Nonprofit plans to fly ‘Silver Bird’ tribute
“This is a look-alike, not a replica,” said engineer Walt Hoy at the unveiling of the Wright Brothers’ “Silver Bird” Tuesday at Booth No. 3104. “You need to step back a hundred yards to make it look ‘Wright,’” he said, since its design was driven by practical needs for portability and durability. “We tested our truss lines with bags of salt weighing 8,000 pounds to simulate 3.8 gs,” added Hoy, “but if you pull more than two gs it stops dead in the air.”
Amanda Wright-Lane, a great-grandniece of Orville and Wilbur, acts as trustee of Wright B Flyer Inc. and brought “Silver Bird” to NBAA partly to chase sponsor monies helping it to achieve a first flight this spring. The nonprofit will then crate the look-alike to airshows to educate the public about the Wright brothers’ first mass-produced model. More than 100 of the B were built, and the model was one of its most effective demonstrators–it flew around the Statue of Liberty. Wright-Lane said sponsorship from the Paris Air Show next June is pending. Shipping and display space for this week’s landing in Orlando were partially covered by NBAA.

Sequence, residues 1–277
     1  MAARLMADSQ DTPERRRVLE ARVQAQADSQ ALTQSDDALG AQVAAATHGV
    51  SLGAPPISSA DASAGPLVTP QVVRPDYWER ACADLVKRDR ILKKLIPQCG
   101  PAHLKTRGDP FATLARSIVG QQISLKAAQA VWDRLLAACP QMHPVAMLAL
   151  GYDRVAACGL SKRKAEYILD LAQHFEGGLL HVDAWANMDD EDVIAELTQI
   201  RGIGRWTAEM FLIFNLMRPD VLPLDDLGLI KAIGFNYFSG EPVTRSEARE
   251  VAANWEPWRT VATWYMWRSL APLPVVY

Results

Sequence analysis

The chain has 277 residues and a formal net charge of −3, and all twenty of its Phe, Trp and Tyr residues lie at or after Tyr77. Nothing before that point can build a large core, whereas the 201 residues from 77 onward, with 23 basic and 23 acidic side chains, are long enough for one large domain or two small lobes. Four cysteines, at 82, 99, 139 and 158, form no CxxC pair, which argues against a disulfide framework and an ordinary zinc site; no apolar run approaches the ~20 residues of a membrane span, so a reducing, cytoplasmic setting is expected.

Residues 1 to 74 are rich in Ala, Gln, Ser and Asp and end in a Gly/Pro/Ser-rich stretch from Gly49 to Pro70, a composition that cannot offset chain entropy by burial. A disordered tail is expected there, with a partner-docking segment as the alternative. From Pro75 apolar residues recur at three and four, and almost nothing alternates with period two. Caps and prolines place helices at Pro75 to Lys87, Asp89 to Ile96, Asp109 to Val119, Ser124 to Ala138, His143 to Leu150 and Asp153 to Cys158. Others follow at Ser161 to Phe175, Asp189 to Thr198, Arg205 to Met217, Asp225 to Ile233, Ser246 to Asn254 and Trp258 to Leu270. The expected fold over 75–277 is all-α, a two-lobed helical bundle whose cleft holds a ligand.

The original “Silver Bird” earned its nickname from a metal skeleton and piano wire, while the version here at NBAA was built, in one year, of chrome alloy steel and aircraft cable by 33 volunteers aged 11 to 91.
Hoy said the “Silver Bird” tips the scale at 2,200 pounds gross, but in its shipping container weighs some 11,000 pounds. On-site, the machine is assembled with only 13 stainless-steel bolts, each rated to 9,200 pounds in double-shear strength.
Hoy said that within an hour after arrival at an event, “we could have two pilots flying it to 5,000 feet.” Flight tests are not yet scheduled, though Hoy plans 50 hours of high-speed ground rolls before one of the three test pilots in consideration will attempt to leave the ground. For now, NBAA attendees can stop by the booth to take wooden controls in hand and fly a computer simulation.
“Stall speed is 41 mph, and redline is 70 mph,” warned Hoy, who quipped that he used the “Rutan method” to test components performance in flutter, strapping them to a car and driving down the runway at 85 mph.